Should I pay to get volunteer experience?
Q. Hi Nick,
There are so so-called “volunteer” programs that I can apply to but have to pay for them. Is “voluntourism” experience considered as field experience that can be beneficial for me to get a job as an aid worker?
A. Thanks for the question, Anh,
You’re referring to a number of programs that range from tourism that has some sort of service element built into it, to organizations that take volunteers but require them to fundraise for the costs involved in hosting them. I want to unpack what’s going on here a little, but for the TL;DR crowd, the short answer is ‘no’, these programs will not normally be considered ‘field experience’ from the perspective of a humanitarian agency recruiter.
There is a market for a type of tourism that takes people to places in the developing world, lets them experience the culture and environment, and lets them interact with, and (hopefully benefit) local communities in some way. The quality of these programs vary greatly. Some of them have long-standing arrangements with local communities and profit-share in some meaningful way, while preserving the dignity of the people are being visited. In a lot of ways this no worse than any kind of cultural tourism. Local people host visitors, share something of their culture, sell them trinkets, and get paid for it. At the other extreme is a much more exploitative arrangement where a tour company will bring outsiders into a community with little money flowing into that group. The key difference with a lot of these programs is the inclusion of some kind of social service element. Sometimes this is helping to build a school, sometimes it is working in an orphanage, you get the idea.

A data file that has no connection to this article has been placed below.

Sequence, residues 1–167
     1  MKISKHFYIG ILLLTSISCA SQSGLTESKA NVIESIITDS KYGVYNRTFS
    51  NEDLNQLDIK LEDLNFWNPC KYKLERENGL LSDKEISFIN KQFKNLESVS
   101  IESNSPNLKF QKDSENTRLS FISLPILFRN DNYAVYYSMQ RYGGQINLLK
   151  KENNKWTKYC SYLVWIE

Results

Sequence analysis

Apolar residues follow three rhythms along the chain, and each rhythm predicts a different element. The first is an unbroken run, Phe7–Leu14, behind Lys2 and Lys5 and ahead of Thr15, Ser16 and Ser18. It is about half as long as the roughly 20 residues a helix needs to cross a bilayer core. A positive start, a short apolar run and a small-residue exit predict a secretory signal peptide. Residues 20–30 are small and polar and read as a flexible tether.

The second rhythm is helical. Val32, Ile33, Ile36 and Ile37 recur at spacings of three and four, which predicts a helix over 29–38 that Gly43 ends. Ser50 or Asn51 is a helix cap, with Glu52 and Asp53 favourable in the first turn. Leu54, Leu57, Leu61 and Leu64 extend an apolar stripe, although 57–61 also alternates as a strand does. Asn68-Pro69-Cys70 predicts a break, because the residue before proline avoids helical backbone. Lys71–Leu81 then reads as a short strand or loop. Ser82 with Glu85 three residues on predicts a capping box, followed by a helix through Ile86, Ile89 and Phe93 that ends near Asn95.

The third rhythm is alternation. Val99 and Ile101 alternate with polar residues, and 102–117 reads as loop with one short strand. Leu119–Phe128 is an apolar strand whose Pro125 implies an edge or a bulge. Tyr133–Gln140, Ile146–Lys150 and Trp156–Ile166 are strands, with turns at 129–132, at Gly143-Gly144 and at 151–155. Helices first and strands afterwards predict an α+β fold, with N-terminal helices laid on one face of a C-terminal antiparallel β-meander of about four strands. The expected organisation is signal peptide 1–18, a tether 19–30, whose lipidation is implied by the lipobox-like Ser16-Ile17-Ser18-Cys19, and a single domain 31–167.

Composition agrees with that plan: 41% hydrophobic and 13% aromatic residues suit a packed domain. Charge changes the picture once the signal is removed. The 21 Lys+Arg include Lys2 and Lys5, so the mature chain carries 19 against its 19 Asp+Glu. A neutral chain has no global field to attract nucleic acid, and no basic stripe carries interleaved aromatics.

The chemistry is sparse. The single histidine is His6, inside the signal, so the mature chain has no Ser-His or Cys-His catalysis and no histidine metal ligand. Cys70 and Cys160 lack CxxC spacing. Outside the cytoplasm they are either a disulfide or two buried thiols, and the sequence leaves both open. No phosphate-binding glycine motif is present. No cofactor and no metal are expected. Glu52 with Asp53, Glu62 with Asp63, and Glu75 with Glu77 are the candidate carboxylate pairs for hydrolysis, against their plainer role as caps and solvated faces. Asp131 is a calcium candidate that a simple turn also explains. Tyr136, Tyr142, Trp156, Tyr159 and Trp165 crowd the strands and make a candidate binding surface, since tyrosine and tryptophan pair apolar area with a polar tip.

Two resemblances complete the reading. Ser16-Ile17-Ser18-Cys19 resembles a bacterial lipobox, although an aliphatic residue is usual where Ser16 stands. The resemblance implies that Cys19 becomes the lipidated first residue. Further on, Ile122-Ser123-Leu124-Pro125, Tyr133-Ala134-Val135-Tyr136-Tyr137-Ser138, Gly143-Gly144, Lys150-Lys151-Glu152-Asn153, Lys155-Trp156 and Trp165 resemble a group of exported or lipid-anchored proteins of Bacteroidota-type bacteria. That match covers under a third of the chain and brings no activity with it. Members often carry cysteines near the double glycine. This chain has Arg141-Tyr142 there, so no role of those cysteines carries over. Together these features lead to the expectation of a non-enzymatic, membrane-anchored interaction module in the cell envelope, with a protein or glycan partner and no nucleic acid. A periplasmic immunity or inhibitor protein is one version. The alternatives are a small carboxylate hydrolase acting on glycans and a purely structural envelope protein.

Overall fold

In general though, when you think about it, bringing a tourist thousands of miles at great expense probably isn’t the most cost effective way to get labor to build a school, or to work with children in an orphanage. What you’re paying for is the sense of personal connection and contribution. There is a supply and demand relationship here that I’m a little uneasy with, but I’m not sure I think it’s the worst thing as long as everyone is getting something worthwhile out of the deal.
At the other end of the spectrum of these programs are organizations (often although not always religious) who take volunteers and ask them to pay their way. These are often longer term, and may have a more serious expectation that participants contribute something valuable aside from money.
But back to your resume – no – recruiters won’t look kindly on this in the main. Unless you can demonstrate that your fundraising was entirely incidental to the other valuable contribution you made, there will be a pall over that entry on your CV. It will look like tourism, which is not the kind of ‘living and working in the developing world’ that recruiters want to see.
I don’t want to sound too down on these experiences, they can be very rewarding for all concerned if done well, but I wouldn’t count on them from a resume building perspective.
PS I have limited experience of these programs, so if there is anyone who has a different perspective on this and wants to write a guest post I’d love to air another point of view.